The Politics of Health System Reform: Obstruction or Hypocrisy
From Richard Cohen of the Washington Post (http://www.washingtonpost.com/opinions/richard-cohen-obama-the-ineffable...):
I wrote last year that Obama had lost the Hamptons. Nothing has changed. He is roundly denounced for not doing a Heimlich on the economy, for his allegedly socialist ways, for Obamacare, for low employment, for high unemployment, for not returning phone calls, for not asking advice — for being cold, distant and, increasingly, just for being president of the United States. The man, it seems, has to go.
I share some of these sentiments. The economy remains in the doldrums, the occasional good month followed by two or three bad ones. Obama is something of a cold fish, which may be something he cannot help, but he is also a lazy politician, unwilling — not unable — to do the telephoning and backslapping that his job requires.
As for Obamacare, it is both a legal and programmatic mess not because it is even modestly socialist but because it is not socialistenough. A government-run health-care system such as the ones used in virtually all the industrialized world — the so-called single-payer system — would have been the way to go. Instead, we have a system in which private insurance companies will abuse doctors and patients alike in the cause of profit. This, alas, truly is the American Way.
Dr. Don McCanne's comment:
Although, in this opinion article, Richard Cohen blasts President Obama for his, shall we say, inaction, he doesn't include here the difficulties Obama faced from the obstructionism by the opposition party, nor from the inaction of the electorate which suffers from a combination of being uninformed and misinformed, thus unable to advocate effectively for policies that would benefit us all. Of course, the candidate of the opposition party spent the weekend in the Hamptons hauling in millions in campaign donations from the "terrified rich," thus offering little hope that the November elections would bring us any relief from our political quagmire.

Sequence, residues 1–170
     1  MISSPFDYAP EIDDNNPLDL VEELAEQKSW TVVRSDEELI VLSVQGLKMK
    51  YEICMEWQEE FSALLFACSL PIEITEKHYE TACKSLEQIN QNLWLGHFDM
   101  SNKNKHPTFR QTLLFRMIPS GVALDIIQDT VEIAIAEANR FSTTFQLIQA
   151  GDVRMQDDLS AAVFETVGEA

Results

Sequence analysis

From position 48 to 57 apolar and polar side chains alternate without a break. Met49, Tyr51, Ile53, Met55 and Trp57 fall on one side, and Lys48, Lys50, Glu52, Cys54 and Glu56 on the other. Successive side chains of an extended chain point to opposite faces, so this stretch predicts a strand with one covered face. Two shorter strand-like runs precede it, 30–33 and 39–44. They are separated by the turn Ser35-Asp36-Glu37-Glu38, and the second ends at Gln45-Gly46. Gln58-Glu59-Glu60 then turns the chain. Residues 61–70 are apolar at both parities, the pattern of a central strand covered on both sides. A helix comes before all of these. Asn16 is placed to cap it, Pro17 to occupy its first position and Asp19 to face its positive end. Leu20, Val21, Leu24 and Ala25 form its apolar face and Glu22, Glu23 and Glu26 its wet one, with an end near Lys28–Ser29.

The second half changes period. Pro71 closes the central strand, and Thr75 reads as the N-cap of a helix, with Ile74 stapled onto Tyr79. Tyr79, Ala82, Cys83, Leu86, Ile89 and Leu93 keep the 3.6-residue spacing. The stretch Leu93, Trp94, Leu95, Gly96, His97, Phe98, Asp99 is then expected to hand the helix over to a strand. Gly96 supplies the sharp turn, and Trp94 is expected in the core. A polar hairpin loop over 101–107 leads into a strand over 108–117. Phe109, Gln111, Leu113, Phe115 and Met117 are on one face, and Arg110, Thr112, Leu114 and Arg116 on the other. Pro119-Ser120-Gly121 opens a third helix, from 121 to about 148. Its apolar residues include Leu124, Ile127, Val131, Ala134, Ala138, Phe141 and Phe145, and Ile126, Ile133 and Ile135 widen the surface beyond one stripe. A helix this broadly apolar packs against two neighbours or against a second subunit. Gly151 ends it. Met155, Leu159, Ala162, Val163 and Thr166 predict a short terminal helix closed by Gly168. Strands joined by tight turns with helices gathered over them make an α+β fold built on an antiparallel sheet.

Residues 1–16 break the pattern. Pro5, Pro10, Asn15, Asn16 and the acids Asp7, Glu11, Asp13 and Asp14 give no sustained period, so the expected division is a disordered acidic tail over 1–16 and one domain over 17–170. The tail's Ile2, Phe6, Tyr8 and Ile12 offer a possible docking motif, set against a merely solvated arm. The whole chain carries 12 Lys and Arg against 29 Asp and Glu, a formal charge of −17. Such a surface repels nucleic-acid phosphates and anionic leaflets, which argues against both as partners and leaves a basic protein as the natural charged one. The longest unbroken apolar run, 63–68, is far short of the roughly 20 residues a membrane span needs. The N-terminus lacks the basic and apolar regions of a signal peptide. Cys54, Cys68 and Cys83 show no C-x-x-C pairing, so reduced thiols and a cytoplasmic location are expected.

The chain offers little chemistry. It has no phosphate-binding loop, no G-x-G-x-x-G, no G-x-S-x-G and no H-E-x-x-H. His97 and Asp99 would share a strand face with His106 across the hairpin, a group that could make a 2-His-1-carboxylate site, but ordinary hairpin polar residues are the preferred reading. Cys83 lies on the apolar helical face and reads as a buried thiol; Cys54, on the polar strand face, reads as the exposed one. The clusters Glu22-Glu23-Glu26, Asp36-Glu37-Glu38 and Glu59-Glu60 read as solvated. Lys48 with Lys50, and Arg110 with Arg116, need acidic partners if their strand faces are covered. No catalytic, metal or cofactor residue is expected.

My friend Dr. McCanne reveals his political bias here. It's easy to call Republicans obstructionists, nay-sayers, and panderers to the rich. Democrat leaning people, like Dr. McCanne, need to ask themselves which is the worse political problem when it comes to health system reform--the obstructions posed by Republicans or the hypocrisy of Democrats? We have a health system mess because of bipartisan failure to care first about patients. Both parties are equally guilty of accepting both money and talking points from health care corporations, and liberally dishing out corporate welfare. Dr. McCanne goes on to ask for citizen activism. I concur. Leave the political nonsense behind. We won't get health system reform from our political leaders. Join the Utah Healthcare Initiative and place health system reform on the ballot. The only thing we need from Congress is legislation allowing state-based comprehensive health system reform, without interference from the federal government.
Dr. Joe Jarvis